Here's an admission. Way back in the day at Eastern Michigan University Johnny bought a small baggie of mean green from a friend at Abe's Coney Island one night so he'd have some Spring Break buzzables. That was then, 1983 maybe, Johnny paid cash. He didn't pay with laundry detergent. Who does that? You'd be very very surprised. From New York Magazine:
The call that came in from a local Safeway one day in March 2011 was unlike any the Organized Retail Crime Unit of the Prince George’s County Police Department had fielded before. The grocery store, located in suburban Bowie, Maryland, had been robbed repeatedly. But in every incident the only products taken were bottles—many, many bottles—of the liquid laundry detergent Tide. “They were losing $10,000 to $15,000 a month, with people just taking it off the shelves,” recalls Sergeant Aubrey Thompson, who heads the team. When Thompson and his officers arrived to investigate, they stumbled onto another apparent Tide theft in progress and busted two men who’d piled 100 or so of the bright-orange jugs into their Honda. The next day, Thompson returned to the store’s parking lot to tape a television interview about the crimes. A different robber took advantage of the distraction to make off with twenty more bottles.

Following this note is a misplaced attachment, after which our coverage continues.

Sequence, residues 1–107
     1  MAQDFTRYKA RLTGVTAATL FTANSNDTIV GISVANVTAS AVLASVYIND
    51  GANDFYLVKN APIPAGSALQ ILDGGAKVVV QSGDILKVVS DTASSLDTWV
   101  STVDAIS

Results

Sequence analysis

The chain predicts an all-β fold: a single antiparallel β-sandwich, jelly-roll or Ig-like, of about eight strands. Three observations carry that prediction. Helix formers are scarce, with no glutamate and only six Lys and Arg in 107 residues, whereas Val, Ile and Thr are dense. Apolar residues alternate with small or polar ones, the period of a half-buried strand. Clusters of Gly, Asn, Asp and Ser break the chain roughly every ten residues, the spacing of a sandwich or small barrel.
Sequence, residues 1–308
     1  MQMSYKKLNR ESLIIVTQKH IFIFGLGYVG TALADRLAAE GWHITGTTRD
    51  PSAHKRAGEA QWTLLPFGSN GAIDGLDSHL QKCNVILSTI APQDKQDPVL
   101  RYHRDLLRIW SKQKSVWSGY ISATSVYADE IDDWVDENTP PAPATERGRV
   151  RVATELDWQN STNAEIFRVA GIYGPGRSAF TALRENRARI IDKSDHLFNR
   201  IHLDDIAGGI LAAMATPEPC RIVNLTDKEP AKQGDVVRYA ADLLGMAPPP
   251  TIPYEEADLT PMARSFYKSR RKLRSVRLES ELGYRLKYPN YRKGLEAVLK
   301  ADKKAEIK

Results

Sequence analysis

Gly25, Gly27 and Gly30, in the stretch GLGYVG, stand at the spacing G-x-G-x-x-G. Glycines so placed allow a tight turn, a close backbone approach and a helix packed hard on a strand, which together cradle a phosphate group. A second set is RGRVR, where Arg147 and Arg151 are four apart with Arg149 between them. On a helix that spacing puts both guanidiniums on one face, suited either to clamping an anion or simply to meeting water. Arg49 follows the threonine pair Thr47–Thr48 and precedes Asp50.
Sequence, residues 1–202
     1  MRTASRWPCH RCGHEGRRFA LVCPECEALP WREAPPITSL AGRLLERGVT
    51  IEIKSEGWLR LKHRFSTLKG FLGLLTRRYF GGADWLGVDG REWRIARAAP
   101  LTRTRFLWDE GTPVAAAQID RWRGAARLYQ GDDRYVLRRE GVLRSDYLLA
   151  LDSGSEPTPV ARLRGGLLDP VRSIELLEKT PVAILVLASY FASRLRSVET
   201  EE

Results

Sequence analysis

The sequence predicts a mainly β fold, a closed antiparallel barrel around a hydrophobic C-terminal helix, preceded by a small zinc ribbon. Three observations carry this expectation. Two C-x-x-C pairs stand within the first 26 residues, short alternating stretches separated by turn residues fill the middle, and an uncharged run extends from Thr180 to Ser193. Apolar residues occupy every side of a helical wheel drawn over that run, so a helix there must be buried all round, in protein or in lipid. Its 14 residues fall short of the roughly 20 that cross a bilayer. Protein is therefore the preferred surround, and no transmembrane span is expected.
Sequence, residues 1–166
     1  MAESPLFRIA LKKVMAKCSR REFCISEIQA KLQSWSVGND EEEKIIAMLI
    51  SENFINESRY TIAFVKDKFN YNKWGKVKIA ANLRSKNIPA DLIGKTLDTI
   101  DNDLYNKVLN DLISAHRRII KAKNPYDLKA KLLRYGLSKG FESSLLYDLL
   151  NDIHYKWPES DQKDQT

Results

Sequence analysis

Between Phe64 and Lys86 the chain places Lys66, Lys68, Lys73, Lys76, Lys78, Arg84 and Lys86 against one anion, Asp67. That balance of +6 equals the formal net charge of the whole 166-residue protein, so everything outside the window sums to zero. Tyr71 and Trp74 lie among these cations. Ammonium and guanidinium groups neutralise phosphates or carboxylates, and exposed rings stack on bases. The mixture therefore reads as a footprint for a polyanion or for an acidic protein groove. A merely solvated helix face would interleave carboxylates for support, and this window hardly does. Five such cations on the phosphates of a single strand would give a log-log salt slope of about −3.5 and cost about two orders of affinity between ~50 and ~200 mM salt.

Yes, drug "money" is now Tide is many places. It really is an amazing read about how a popular bottle of detergent became drug currency.
On certain corners, the detergent has earned a new nickname: “Liquid gold.” The Tide people would never sanction that tag line, of course. But this unlikely black market would not have formed if they weren’t so good at pushing their product.
Spend some time today reading this and feel free to come back and we'll have a discussion on this very odd turn of product placement in the marketplace.